The next eleven days are set aside for parties and a great amount of visiting. This ends on the twelfth night which is Epiphany.
A distinctive feature of Christmas decorations is the very large candle placed near the front window and lighted on Christmas Eve. According to one belief, the candle long served as a symbol of welcome to Mary and Joseph who sought shelter in vain on that first Christmas Eve. The ceremony of lighting the candle is one of simple ancient rituals during which prayers are said for the departed and the privilege of striking the match is usually given to a daughter named Mary. (Another tradition is that the candle be lighted by the youngest member of the family and snuffed out only by someone named Mary).
For centuries it has been a practice in Irish villages to set the kitchen table after the evening meal on Christmas Eve. On it is a loaf of bread filled with caraway seeds and raisins, a pitcher of milk and a large lit candle. The door is left unlatched. Thus, hospitality is extended to the Holy Family or to any traveler that might be on the road. Also it is said that the candles were "kindled to guide the angels who on Christmas night direct the New Born from the Heavens".
The story of the abiding religious faith to which this nation has clung to so strongly for centuries is reflected in the symbolism of the lighted candle in the window, which spells out the simple beauty of the the Christmas story.
This flickering symbol also served as a signal in times past to any priest seeking shelter and protection that he was welcome in this house and that it was safe to say Mass there.
Irish actress, Roma Downey, who portrays the angel Monica on Touched By an Angel, is in keeping with the tradition of her native land, where families from her hometown of Derry light candles in every window on Christmas Eve as a welcome to friends, Santa and wayward travelers.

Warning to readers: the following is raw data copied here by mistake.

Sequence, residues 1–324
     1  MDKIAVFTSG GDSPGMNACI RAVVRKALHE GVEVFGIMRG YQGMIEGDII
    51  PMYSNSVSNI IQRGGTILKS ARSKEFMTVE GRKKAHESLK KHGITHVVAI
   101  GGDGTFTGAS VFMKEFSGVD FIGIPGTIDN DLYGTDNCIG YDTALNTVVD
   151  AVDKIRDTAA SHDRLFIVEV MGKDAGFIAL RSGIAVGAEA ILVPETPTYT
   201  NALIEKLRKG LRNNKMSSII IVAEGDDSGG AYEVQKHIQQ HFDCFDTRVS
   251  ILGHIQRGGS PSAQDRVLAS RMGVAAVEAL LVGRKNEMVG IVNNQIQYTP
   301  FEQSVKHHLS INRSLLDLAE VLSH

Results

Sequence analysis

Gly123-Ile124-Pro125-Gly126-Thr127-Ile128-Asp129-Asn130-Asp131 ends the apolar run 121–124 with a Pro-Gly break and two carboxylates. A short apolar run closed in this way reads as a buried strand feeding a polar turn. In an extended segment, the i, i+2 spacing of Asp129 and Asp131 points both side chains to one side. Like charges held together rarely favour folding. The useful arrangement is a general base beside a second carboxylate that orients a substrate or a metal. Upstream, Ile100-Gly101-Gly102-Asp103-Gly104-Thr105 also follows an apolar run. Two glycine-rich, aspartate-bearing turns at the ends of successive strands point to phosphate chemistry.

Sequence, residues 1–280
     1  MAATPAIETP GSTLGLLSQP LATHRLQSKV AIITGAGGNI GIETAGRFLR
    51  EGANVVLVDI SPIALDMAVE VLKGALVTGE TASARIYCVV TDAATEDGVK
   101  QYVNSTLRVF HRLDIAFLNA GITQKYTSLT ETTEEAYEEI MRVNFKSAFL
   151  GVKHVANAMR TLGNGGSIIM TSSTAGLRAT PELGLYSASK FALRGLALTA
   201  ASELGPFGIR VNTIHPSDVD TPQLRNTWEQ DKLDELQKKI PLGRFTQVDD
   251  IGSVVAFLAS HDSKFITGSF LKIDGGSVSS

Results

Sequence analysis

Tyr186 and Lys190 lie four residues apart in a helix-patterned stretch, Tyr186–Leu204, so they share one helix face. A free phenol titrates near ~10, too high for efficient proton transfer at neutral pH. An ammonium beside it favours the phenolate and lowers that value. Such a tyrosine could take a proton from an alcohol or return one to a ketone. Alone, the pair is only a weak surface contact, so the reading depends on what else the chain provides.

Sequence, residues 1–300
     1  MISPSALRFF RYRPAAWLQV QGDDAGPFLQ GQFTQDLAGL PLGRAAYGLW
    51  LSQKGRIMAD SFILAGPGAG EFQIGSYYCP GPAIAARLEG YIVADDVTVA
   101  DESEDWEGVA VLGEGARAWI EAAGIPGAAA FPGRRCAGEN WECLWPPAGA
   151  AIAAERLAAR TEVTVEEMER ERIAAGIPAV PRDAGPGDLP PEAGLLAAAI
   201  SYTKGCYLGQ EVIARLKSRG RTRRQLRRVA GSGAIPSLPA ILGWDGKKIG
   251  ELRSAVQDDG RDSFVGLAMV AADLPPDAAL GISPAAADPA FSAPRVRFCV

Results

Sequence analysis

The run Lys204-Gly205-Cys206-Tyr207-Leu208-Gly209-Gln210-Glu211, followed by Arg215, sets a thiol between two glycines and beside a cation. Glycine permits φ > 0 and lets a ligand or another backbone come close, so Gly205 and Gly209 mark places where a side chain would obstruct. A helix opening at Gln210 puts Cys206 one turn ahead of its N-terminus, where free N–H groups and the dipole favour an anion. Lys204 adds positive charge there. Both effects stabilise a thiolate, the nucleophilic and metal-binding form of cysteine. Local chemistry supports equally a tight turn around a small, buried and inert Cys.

Candle lighting at this time can also be traced back to antiquity, to the time when ancient Romans lighted candles at the midwinter festival to signify the return of the sun's light after the winter soltice.
The glossy-leaved holly with it's clusters of red berries, popular as a door decoration in North America can be traced to early settlers from the south of Ireland. They came to the United States during the Great Potato Famine. Holly grows wild in the south of Ireland and at Christmas time houses are lavishly decorated with holly.
In some areas, due to English influence, it is Father Christmas who the children wait for to fill their stockings on Christmas Eve. In other areas of Ireland, due to western influences, you will find Santa Claus instead.
So, how do you say Merry Christmas in Irish, you ask? Nollaig Shona Duit (NoLik Suna Ditch)